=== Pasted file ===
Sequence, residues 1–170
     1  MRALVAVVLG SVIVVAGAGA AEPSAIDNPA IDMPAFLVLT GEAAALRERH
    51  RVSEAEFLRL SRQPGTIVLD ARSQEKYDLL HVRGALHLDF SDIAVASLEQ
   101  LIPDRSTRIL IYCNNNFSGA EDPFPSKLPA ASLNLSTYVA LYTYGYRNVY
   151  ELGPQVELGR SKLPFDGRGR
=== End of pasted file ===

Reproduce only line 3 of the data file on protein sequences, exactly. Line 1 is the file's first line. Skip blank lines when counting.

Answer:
    51  RVSEAEFLRL SRQPGTIVLD ARSQEKYDLL HVRGALHLDF SDIAVASLEQ